Fair enough, MrsUptight. I'm only offering my own experience. smile

At the end of the day, you can't force people to like you. If the girls don't like her daughter, then it's not like she can bribe them to be friends!

Btw, I was a Brownie. Didn't make any difference to my friendship circle.

Y5-6 is P6-7, so that's the end of primary school... Yes, things do change when you reach secondary school. The girls get even meaner and it switches to 'behind your back' instead of 'to your face'. Being nice and pretty apparently works as repellent to them. :/

FWIW, I really do wish the OP's daughter a better experience and all the female friends she could wish for. However, I don't think that being female is the only quality a good friend requires. If things don't change for her (and I hope they do) then I'd like her to know that it isn't the end of the world! smile x

MrsUptight Tue 17-Dec-13 18:56:51

My Dd joined Brownies aged 8 after some social really helped her so much...I think the quality of the pack makes all the difference and we were lucky with ours...the leader is exceptional.

fcknits Wed 18-Dec-13 11:42:09

Maybe so. However, my hometown is small so there's not much change of scenery - or people.

If the OP wants to try an activity group with zero tolerance of bullying, taunting, ostracising or any negative behaviour, then I'd recommend the ATC (Air Training Corp). Mind you, I think minimum age is secondary school. Air cadets are highly disciplined and she should end up with some polite (female) acquaintance even if they aren't true friends.

At the end of the day, there is a difference between bullying and banter. The school (or activity group) can tackle the bullying side, if it's there, with punishments, etc. However, you can't stamp out banter and you can't make people like you against their will.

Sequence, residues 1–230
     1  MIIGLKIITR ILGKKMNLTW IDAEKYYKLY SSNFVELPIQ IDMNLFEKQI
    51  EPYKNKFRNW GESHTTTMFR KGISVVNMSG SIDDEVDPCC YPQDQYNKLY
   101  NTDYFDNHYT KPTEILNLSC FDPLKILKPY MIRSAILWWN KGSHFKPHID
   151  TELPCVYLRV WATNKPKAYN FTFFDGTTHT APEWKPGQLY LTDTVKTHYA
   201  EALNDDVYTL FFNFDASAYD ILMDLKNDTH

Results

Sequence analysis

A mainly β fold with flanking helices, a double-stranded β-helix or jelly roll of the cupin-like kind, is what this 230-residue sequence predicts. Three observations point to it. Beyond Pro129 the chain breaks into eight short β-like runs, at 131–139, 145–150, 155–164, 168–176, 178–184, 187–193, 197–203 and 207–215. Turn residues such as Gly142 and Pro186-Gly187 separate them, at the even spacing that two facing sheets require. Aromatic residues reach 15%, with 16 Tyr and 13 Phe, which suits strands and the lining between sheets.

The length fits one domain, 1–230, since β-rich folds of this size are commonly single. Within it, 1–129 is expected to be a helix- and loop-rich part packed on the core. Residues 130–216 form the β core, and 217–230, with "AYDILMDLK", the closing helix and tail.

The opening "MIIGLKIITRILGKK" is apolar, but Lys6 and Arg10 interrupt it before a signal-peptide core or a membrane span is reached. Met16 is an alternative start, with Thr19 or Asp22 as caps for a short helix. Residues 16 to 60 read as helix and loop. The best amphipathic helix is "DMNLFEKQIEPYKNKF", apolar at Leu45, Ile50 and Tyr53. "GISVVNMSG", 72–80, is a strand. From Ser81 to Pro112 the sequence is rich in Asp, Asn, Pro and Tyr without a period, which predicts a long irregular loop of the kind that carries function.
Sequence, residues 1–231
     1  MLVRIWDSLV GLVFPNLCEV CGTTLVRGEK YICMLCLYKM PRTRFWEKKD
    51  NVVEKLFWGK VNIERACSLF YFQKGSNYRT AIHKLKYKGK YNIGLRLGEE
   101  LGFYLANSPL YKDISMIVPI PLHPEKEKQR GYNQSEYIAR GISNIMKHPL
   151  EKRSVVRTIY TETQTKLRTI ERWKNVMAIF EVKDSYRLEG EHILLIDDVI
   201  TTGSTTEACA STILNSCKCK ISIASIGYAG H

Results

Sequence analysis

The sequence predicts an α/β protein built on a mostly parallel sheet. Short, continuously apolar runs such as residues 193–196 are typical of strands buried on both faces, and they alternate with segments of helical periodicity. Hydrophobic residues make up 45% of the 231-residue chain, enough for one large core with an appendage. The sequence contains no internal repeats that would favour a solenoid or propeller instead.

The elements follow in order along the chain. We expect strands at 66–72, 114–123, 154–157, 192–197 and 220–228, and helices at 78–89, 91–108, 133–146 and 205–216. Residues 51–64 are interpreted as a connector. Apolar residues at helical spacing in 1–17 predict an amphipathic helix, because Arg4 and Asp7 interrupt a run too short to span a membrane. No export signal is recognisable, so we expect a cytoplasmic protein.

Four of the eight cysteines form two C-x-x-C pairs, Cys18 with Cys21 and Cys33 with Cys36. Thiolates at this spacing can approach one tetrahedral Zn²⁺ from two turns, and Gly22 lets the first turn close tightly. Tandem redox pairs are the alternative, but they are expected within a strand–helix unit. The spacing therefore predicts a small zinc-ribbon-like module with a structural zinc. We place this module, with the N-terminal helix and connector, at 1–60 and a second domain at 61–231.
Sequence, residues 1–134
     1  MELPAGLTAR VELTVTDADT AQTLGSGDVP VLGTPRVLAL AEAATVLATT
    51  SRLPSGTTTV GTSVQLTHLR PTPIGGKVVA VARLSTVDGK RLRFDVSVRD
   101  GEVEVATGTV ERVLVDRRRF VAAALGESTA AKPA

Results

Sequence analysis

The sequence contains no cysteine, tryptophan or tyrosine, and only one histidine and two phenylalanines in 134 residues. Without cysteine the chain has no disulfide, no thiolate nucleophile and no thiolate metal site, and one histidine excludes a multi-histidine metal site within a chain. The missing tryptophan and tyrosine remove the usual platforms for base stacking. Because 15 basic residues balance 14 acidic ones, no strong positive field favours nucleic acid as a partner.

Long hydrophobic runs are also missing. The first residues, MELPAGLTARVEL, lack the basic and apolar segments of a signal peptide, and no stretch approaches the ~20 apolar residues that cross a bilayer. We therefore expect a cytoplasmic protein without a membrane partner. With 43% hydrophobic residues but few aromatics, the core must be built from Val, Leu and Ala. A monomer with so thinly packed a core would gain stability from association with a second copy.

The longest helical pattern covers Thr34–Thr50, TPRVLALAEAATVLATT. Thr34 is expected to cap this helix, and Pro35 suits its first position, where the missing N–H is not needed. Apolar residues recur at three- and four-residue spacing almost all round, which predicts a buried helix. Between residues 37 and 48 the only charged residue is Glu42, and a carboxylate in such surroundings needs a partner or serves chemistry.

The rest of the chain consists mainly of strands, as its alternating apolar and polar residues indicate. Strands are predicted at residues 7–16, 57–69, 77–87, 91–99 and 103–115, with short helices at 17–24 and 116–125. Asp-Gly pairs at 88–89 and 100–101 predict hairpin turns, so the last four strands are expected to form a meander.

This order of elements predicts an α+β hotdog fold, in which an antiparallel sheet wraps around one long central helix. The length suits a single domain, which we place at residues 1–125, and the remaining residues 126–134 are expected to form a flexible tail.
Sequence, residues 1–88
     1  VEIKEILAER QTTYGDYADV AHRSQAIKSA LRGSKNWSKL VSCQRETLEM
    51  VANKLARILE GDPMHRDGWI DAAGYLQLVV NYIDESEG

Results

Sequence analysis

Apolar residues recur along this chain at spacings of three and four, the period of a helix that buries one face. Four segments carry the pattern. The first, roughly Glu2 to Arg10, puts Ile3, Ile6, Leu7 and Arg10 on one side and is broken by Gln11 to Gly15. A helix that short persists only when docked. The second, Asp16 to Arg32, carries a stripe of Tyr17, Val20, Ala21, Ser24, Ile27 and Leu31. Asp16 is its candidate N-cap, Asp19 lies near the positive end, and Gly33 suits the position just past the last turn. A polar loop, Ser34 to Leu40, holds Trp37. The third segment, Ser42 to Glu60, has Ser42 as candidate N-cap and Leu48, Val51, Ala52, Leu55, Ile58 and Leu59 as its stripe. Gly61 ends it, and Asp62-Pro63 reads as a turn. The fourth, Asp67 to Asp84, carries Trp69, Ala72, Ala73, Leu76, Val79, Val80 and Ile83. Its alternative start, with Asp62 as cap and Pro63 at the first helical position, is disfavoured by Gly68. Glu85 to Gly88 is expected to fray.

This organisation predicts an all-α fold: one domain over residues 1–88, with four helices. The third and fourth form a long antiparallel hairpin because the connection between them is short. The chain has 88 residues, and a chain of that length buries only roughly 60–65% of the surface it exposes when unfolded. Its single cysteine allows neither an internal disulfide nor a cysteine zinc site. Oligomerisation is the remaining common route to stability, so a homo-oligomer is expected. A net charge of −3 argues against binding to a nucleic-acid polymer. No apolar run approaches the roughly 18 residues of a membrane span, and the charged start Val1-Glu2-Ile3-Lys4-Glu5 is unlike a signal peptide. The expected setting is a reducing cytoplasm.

Engage the parents if you want to change the families? Kids are more likely to be polite - if not friendly - to the children of people that their parents like because (a) they end up seeing them a lot and are forced to 'socialise', sometimes in mutual boredom, and (b) their parents will be on them like a ton of bricks for being rude to their friend's child. Do coffee mornings. Chat on the school run. Bond. The effect will trickle down to the kids, even at older ages. For the OP's daughter, it won't be the same as having (those children as) friends but it will mean not dealing with rude comments.

Finally... maybe the OP should consider pulling her daughter out of that school?? She works in a different primary school, where the behaviour in question "would not be tolerated". Other alternatives: homeschool (opportunity to socialise further afield) or boarding school (pastoral care and support from the housemaster/mistress and a good 'buddy' system).

There's a whole world of options out there... it's impossible to give specific advice because it depends on the fine background details that we cannot see or know, over the internet. x

MrsUptight Wed 18-Dec-13 11:47:19

Yes ATC is excellent for girls who enjoy male company too...there will be girls but I agree the routine etc is great for them.

saggytummy Fri 27-Dec-13 23:38:03

My daughter is the same as yours except for being tall and I have no advice to give except that mine isn't wanting female friends but marking with interest. Boys are far less complex and I don't think they drop girls just because they are yr 5/6

Sweetishdelight Sun 05-Jan-14 22:11:11

There has to be a reason why she has no friends .... Sorry to sound harsh, but you have to look closer. No amount of teacher/parent pressure is going to make people like her. One thing you do have to do, though, is to help her develop some resilience and self reliance so that she can be happy and confident with or without the "friendships" she ( or you) craves

Join the discussion

Registering is free, quick, and means you can join in the discussion, watch threads, get discounts, win prizes and lots more.

Get started »